Xylitol ingestion also increases motilin secretion, which may be related to xylitol's ability to cause diarrhea. The non-digestible but fermentable nature of xylitol also contributes to constipation relieving effects.
Research has identified carbohydrates, oral bacteria, tooth anatomy, along with their time of interaction as the main pathobiological etiology for dental caries. Sucrose is deemed to be the most cariogenic carbohydrate consumed by humans, as it is a substrate to various oral bacteria to produce insoluble polysaccharides and acid. Streptococcus mutans is a major pathological bacteria. It uses carbohydrates via glycolysis to adhere to tooth surfaces with an extracellular matrix, and produces an acidic environment; that acid dissolves the outer tooth enamel layer of the teeth it adheres to.
Xylitol, a sugar alcohol containing 5 carbon-polyol is metabolized via the phospho-enolpyruvate-phospho-transferase pathway (PEP-PTS) in S. mutans, which produces xylitol-5-phosphate as a product. Xylitol-5-phosphate competes with phosphofructokinase and therefore, results in inhibition of glycolysis via accumulation of glucose-6-phosphate. Over long periods of time of xylitol use, S. mutans are observed to alter their enzymatic activity.
Burt (2006) conducted a systematic review looking at the effect of sugar alcohols on caries activity. His systematic review included randomized controlled trials (RCT) as well as observational studies. Burt concluded that Xylitol displayed non-cariogenic properties in all protocols tested. Interestingly, he also concluded that mothers chewing xylitol-containing gums effectively inhibited the transmission of S. mutans to their offspring. Nayak et al. (2014) also conducted a review where they showed the positive effects of Xylitol in gummy bears, syrups, mouthrinse, dentifrice on inhibiting dental caries. Lastly, Chan et al. (2020) concluded that xylitol has inhibitory effects on S. mutans and Candida albicans. However, other studies, such as one by Muhlemann et al. (1977) seem to call for more research in this area as the results were inconclusive. A Cochrane review conducted in 2015 included 10 studies which displayed a low quality evidence on the effectiveness of xylitol containing fluoride toothpastes when compared to fluoride only toothpaste.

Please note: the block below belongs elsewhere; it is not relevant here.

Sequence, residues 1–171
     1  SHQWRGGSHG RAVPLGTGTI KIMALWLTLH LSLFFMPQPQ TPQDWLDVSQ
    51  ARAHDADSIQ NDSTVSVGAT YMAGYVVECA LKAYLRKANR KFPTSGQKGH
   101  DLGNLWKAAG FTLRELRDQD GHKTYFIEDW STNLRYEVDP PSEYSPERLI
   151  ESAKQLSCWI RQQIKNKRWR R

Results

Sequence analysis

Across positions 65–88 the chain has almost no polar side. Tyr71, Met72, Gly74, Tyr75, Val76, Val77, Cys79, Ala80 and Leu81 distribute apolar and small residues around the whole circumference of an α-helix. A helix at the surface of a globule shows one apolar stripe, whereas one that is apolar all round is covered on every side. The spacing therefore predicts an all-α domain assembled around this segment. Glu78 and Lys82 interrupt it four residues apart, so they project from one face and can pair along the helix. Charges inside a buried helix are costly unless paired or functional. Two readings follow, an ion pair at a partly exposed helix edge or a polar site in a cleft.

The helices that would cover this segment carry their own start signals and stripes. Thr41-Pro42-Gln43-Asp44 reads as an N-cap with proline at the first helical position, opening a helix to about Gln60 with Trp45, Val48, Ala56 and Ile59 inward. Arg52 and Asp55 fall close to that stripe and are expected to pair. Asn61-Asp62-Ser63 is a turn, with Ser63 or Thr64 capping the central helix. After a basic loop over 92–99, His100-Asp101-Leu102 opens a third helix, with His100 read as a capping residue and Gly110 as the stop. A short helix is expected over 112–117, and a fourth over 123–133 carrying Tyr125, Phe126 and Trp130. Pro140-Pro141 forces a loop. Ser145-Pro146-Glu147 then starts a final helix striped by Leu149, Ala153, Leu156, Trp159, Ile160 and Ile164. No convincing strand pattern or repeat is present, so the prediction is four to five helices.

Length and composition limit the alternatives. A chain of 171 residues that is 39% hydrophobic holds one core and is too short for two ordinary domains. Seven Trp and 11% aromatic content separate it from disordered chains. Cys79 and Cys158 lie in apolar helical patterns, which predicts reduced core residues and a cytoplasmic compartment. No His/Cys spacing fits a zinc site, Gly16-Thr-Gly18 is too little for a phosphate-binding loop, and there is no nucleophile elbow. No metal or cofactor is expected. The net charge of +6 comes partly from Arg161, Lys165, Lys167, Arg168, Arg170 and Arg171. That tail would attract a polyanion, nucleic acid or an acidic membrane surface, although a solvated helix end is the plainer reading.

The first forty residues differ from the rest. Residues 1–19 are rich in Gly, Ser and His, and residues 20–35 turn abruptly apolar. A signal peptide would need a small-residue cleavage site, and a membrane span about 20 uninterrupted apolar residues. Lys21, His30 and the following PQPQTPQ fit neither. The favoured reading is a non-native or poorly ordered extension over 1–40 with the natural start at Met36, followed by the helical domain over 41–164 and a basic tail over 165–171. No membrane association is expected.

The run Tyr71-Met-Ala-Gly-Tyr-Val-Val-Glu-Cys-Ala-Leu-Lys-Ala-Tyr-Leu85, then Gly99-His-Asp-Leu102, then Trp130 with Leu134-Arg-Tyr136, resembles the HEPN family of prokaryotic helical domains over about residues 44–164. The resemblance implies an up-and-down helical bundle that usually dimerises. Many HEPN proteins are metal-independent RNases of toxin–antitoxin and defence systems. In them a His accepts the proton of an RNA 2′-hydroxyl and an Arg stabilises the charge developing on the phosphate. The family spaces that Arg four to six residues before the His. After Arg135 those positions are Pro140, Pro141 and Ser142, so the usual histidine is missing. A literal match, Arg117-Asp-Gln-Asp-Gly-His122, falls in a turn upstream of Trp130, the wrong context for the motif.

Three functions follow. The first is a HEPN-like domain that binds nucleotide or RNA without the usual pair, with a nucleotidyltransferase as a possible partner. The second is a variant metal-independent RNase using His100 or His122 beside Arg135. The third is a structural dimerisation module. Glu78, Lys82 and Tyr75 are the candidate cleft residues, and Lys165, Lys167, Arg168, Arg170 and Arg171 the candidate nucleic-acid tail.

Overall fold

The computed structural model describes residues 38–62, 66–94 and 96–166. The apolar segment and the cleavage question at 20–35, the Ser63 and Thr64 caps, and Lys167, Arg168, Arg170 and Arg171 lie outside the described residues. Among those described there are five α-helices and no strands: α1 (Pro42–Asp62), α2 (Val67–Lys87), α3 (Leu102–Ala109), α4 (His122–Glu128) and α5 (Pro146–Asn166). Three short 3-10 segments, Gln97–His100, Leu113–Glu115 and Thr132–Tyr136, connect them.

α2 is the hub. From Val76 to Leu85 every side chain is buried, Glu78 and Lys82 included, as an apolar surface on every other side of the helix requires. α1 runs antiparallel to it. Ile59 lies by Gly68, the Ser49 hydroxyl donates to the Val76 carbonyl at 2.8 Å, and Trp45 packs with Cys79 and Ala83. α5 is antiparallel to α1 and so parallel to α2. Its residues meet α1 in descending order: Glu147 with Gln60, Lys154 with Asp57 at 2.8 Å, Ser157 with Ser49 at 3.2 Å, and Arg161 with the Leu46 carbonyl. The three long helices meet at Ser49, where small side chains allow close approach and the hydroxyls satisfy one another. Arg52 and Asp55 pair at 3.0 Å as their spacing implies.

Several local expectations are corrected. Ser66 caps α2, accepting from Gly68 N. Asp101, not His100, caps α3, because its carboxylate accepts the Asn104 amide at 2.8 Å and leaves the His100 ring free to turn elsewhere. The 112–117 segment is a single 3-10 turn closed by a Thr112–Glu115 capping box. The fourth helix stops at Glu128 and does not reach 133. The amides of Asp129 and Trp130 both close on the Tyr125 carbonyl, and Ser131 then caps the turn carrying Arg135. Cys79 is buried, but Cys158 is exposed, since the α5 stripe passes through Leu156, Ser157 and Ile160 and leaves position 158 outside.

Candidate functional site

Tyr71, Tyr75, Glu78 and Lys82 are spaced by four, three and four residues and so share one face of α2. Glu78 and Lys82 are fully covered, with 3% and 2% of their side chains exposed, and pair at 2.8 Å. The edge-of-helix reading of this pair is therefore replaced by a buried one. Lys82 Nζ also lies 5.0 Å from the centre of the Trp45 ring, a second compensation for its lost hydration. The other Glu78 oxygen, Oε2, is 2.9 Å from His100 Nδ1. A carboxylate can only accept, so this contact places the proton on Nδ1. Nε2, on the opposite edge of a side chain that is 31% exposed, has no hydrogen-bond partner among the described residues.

In 2011, EFSA "concluded that there was not enough evidence to support" the claim that xylitol-sweetened gum could prevent middle-ear infections with a fast onset, which is also known as acute otitis media (AOM). A 2016 review indicated that xylitol in chewing gum or a syrup may have a moderate effect in preventing AOM in healthy children. It may be an alternative to conventional therapies (such as antibiotics) to lower risk of ear aches in healthy children – reducing risk of occurrence by 25% – although there is no definitive proof that it could be used as a therapy for ear aches.
In 2011, EFSA approved a marketing claim that foods or beverages containing xylitol or similar sugar replacers cause lower blood glucose and lower insulin responses compared to sugar-containing foods or drinks. Xylitol products are used as sucrose substitutes for weight control, as xylitol has 40 percent fewer calories than sucrose (2.4 kcal/g compared to 4.0 kcal/g for sucrose). The glycemic index (GI) of xylitol is only 7% of the GI for glucose.
When ingested at high doses, xylitol and other polyols may cause gastrointestinal discomfort, including flatulence, diarrhea, and irritable bowel syndrome (see Metabolism above); some people experience the adverse effects at lower doses. Xylitol has a lower laxation threshold than some sugar alcohols but is more easily tolerated than mannitol and sorbitol.
Increased xylitol consumption can increase oxalate, calcium, and phosphate excretion to urine (termed oxaluria, calciuria, and phosphaturia, respectively). These are known risk factors for kidney stone disease, but despite that, xylitol has not been linked to kidney disease in humans.
Xylitol poisons dogs. Ingesting 100 milligrams of xylitol per kilogram of body weight (mg/kg bw) causes dogs to experience a dose-dependent insulin release; depending on the dose it can result in life-threatening hypoglycemia. Hypoglycemic symptoms of xylitol toxicity may arise as quickly as 30 to 60 minutes after ingestion. Vomiting is a common first symptom, which can be followed by tiredness and ataxia. At doses above 500 mg/kg bw, liver failure is likely and may result in coagulopathies like disseminated intravascular coagulation.
Xylitol is safe for cats, rhesus macaques, horses, and rats. Cats can tolerate ingesting xylitol doses of 1000 mg/kg bw.